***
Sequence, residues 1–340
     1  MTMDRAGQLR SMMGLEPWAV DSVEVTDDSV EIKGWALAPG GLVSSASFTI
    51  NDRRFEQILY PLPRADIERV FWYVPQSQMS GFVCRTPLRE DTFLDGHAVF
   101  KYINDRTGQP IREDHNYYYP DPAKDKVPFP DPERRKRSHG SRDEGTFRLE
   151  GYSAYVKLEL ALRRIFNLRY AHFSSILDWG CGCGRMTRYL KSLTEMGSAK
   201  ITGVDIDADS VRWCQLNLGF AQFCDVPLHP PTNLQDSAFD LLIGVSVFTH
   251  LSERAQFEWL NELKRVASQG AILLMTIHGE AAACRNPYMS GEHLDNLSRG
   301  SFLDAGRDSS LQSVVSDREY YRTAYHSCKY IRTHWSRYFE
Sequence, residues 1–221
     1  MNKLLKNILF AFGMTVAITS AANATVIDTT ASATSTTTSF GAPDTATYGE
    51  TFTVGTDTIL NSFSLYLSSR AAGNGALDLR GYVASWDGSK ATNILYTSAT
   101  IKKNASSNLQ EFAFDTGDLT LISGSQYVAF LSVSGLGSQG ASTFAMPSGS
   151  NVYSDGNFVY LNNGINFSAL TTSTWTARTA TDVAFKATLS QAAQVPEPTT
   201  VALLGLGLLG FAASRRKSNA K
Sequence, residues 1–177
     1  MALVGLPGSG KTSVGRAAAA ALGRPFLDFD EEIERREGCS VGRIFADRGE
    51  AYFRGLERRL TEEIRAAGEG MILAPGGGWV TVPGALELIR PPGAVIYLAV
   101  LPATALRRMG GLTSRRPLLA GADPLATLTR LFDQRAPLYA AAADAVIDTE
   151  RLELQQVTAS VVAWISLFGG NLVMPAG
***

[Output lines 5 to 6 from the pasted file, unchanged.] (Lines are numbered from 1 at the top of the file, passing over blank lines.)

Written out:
   151  GYSAYVKLEL ALRRIFNLRY AHFSSILDWG CGCGRMTRYL KSLTEMGSAK
   201  ITGVDIDADS VRWCQLNLGF AQFCDVPLHP PTNLQDSAFD LLIGVSVFTH